La Navidad, Columbus's Lost Colony

    The Pumphouse Gang Moves To A New Land

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  • National Geographic December 1987

    Sea Change in the Sea Islands: Nowhere to Lay Down Weary Head
    Cultural traditions brought from Africa and a Creole language called Gullah erode under the impact of resort development along the South Carolina and Georgia coast, Charles L. Blockson finds. Photographs by Karen Kasmauski.
    Oldest Known Shipwreck Reveals Bronze Age Splendors { Oldest Known Shipwreck Reveals Splendors of the Bronze Age}
    Sailing an ancient trade network, a ship sank off Turkey some 3, 400 years ago. Now marine archaeologist George F. Bass excavates and, with photographer Bill Curtsinger, reports on an unprecedented trove of pottery, weapons, and copper and tin ingots.
    What Is This Thing Called Sleep?
    Familiar yet mysterious, sleep still baffles the experts. Michael E. Long and photographer Louie Psihoyos investigate crib death, breathing disorders, nightmares, narcolepsy, and other ailments that make sleep hazardous to your health.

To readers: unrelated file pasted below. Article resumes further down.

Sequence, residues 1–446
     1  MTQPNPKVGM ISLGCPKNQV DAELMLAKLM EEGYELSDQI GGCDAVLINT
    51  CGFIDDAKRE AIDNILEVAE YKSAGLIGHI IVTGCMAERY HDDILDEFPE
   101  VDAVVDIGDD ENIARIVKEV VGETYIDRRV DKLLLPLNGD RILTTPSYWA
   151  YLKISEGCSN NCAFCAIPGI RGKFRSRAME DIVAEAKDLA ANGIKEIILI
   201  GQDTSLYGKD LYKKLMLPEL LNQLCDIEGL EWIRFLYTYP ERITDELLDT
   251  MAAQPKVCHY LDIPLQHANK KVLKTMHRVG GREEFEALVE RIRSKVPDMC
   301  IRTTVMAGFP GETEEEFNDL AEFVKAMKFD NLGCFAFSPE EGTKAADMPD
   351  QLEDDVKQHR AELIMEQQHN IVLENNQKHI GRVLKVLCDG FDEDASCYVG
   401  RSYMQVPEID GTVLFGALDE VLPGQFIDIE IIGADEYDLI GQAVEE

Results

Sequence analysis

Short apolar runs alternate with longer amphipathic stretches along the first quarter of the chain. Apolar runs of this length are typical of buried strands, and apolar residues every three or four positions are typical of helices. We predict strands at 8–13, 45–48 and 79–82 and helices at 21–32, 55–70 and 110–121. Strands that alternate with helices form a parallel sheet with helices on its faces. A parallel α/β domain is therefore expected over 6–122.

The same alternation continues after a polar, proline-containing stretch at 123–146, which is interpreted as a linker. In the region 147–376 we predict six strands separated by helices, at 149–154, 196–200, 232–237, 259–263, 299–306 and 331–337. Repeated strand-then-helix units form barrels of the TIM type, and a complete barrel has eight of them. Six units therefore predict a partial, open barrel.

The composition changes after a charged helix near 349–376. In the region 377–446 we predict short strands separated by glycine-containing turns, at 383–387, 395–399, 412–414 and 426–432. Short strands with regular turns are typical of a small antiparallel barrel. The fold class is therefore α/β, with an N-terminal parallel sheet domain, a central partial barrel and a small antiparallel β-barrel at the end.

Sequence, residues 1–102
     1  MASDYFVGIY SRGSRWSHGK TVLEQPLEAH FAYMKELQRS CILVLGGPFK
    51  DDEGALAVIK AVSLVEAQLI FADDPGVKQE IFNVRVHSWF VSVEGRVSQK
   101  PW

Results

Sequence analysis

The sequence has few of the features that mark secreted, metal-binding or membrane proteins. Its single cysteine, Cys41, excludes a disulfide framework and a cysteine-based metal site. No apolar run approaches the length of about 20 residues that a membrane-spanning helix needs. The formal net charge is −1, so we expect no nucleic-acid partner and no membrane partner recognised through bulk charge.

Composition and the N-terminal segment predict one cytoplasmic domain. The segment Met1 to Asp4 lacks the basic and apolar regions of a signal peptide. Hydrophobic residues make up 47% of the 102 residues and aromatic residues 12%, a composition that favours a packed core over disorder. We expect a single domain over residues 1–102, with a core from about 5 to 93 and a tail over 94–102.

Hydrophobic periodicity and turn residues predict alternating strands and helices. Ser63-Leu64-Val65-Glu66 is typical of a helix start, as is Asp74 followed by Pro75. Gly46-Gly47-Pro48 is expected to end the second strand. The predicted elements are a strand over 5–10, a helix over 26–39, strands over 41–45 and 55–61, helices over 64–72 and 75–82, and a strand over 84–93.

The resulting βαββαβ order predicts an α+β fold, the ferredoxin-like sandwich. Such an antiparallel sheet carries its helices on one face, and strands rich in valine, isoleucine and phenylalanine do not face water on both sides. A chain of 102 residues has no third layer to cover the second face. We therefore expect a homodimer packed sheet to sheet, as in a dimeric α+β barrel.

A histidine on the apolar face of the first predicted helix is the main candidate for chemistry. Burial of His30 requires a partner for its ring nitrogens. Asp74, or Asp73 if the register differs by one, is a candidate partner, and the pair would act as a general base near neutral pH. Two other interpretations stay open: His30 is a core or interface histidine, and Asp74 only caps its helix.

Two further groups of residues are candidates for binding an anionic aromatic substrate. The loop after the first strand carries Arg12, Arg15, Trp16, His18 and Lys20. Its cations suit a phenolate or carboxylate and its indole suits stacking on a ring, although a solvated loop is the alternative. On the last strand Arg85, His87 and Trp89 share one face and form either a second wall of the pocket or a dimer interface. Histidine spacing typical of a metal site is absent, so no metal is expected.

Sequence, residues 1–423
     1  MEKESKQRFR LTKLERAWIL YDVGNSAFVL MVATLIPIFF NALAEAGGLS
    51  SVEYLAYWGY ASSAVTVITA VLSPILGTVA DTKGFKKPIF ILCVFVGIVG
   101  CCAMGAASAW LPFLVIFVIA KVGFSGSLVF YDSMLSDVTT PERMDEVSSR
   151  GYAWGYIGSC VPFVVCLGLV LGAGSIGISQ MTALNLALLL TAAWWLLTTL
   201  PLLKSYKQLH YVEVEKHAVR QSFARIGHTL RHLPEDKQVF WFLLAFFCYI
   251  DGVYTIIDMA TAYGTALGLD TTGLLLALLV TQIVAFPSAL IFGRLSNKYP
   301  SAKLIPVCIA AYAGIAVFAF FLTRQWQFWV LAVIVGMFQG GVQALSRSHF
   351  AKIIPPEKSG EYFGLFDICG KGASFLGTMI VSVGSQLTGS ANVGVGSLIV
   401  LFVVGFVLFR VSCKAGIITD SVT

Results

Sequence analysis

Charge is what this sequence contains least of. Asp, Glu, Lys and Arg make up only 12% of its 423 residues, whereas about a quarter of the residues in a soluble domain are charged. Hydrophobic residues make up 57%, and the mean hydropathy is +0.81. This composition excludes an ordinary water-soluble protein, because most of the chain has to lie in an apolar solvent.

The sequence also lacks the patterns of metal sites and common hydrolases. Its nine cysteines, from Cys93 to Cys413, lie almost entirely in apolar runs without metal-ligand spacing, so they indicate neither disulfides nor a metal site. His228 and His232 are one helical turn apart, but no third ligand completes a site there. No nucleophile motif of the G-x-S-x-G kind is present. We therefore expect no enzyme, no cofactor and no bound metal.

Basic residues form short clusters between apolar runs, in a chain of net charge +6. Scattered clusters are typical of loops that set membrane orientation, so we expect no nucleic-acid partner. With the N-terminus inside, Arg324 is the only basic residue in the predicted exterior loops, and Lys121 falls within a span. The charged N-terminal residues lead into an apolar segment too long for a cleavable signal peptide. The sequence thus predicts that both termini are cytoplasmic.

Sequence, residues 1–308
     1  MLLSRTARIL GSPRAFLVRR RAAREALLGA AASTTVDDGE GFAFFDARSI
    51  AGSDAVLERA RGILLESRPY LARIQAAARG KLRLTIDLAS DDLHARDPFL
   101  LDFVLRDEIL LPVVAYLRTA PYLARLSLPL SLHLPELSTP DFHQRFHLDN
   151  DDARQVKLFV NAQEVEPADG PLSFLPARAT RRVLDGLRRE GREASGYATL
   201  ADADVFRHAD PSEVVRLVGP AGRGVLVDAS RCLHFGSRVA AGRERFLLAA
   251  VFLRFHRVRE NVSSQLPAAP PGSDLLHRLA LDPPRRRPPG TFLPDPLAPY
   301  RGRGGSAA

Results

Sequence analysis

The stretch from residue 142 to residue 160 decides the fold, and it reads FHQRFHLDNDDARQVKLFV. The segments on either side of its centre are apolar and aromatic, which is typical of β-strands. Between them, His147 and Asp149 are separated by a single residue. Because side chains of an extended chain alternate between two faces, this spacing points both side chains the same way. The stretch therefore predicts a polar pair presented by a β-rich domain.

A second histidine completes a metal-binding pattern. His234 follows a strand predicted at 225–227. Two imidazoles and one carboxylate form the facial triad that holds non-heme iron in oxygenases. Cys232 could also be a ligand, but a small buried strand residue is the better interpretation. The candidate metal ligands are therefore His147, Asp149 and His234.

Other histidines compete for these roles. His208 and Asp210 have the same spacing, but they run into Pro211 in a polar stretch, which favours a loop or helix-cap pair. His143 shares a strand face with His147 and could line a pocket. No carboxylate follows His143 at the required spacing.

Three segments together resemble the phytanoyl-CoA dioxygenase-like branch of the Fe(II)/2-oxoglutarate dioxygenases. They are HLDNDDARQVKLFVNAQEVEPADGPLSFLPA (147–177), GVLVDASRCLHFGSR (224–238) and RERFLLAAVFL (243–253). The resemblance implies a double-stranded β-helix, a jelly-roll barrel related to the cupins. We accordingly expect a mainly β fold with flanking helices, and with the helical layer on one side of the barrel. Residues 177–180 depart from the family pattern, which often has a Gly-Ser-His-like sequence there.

A Journey Through Tibet { Nomads' Land: A Journey Through Tibet}
    Sorrel Wilby, a young Australian, walks 1, 800 miles across western Tibet and gets more than she bargained for in snow blindness, blisters, and understanding.
    Red Crabs of Christmas Island { Red Crabs on the March on Christmas Island}
    Swarming over a tiny island in the Indian Ocean, millions of crustaceans undertake an annual march to the sea, tidying the landscape and invading houses along their route. By conservationist John W. Hicks.

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Only 3 left in stock

SKU: NG19872HY Category:

Additional information

National Geographic July 1987

Weight 2 lbs

National Geographic August 1987

Weight 2 lbs

National Geographic September 1987

Weight 2 lbs

National Geographic October 1987

Weight 2 lbs

National Geographic November 1987

Weight 2 lbs

National Geographic December 1987

Weight 2 lbs